The risks of investing in shares are slightly different than for fixed interest investments. The risk of loss of capital is dependent not only on the performance of the companies in which you invest but on the cyclical movements in the share market and the length of time the funds are invested for. When investing in a share portfolio:
- Diversify your portfolio by geographic area, type of industry, and size of company
- Be prepared to leave your funds invested for as long as it takes to ride through market fluctuations, which could be ten years or longer
- Don’t panic when the market falls – falling markets are always followed by rising markets, and the best time to buy is when prices are down.
If your share portfolio is sufficiently diversified, your investment risk, in effect, becomes a time risk rather than a risk of loss of capital. That is to say, if the share market falls significantly, you face the risk that you may have to remain invested for a longer period than intended in order to recover value. The longer your investment time frame, the smaller this risk becomes.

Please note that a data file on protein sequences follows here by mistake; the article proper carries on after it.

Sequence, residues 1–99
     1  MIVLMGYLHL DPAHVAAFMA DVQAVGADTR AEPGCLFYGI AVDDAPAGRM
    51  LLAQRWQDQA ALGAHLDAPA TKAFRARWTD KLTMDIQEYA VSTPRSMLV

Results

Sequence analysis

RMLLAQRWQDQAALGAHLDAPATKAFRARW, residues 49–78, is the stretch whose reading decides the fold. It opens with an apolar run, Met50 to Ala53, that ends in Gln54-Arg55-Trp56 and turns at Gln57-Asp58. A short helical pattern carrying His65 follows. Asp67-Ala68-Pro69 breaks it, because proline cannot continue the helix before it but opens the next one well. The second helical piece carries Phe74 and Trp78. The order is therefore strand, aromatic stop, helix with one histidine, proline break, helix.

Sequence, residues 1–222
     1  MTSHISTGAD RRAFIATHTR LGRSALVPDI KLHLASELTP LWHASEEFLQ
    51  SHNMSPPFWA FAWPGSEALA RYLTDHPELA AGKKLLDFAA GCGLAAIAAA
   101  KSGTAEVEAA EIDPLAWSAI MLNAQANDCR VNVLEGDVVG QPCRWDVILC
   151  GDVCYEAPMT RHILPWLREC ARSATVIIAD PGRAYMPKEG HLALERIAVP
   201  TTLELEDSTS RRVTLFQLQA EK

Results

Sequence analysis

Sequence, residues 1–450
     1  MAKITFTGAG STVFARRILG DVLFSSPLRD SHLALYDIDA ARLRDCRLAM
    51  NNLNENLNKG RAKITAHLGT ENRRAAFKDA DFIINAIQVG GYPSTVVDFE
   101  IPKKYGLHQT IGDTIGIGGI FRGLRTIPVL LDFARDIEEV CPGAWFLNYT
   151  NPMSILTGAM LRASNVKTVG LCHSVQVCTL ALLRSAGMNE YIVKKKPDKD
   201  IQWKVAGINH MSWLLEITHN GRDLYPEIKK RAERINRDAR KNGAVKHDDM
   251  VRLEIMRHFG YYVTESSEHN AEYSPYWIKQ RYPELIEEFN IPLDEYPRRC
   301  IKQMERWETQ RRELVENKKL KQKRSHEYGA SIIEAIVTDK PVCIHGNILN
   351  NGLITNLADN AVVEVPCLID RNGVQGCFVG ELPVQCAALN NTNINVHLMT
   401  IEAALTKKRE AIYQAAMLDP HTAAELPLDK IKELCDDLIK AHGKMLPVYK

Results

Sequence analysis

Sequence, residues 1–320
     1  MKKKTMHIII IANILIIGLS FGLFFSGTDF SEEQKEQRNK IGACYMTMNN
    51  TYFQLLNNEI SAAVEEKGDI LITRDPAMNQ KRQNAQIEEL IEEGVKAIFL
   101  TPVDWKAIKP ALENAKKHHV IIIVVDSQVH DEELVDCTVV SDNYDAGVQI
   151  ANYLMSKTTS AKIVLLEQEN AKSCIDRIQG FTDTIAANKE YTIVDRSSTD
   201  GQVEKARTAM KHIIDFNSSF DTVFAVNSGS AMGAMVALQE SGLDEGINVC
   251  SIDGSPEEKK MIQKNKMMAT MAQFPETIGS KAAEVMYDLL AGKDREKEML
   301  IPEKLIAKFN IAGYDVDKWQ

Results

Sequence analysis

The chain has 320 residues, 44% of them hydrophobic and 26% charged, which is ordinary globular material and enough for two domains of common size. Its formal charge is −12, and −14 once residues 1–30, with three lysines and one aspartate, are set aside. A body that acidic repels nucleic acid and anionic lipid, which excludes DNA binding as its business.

Many investors, particularly those who are retired or close to retirement, make the mistake of misunderstanding what their investment time frame is. Your investment time frame does not end at the point when you start using the income from your investments; it ends when you need to withdraw your investment capital to spend. Investment capital is gradually withdrawn between retirement and the end of life, which could be a period of thirty years.
The biggest financial risk for retired investors is running out of money before they run out of life! To lessen this risk, make sure you put away enough money for your retirement and that you have some of your money invested in assets that will grow rather than be eaten away by tax and inflation – the two biggest enemies of investors.
The Lifetime Retirement Income Fund is designed to do this for you. Check out their Income Calculator Click to View